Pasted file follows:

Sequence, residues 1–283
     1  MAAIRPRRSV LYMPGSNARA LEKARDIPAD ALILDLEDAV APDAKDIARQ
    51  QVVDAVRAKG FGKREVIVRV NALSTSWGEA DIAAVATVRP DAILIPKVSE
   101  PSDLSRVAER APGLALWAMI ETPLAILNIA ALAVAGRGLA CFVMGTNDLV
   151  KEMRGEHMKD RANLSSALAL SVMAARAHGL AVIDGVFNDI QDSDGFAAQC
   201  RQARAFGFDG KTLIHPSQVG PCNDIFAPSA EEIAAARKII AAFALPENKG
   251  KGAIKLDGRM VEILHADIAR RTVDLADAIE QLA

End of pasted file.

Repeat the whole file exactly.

Sequence, residues 1–283
     1  MAAIRPRRSV LYMPGSNARA LEKARDIPAD ALILDLEDAV APDAKDIARQ
    51  QVVDAVRAKG FGKREVIVRV NALSTSWGEA DIAAVATVRP DAILIPKVSE
   101  PSDLSRVAER APGLALWAMI ETPLAILNIA ALAVAGRGLA CFVMGTNDLV
   151  KEMRGEHMKD RANLSSALAL SVMAARAHGL AVIDGVFNDI QDSDGFAAQC
   201  RQARAFGFDG KTLIHPSQVG PCNDIFAPSA EEIAAARKII AAFALPENKG
   251  KGAIKLDGRM VEILHADIAR RTVDLADAIE QLA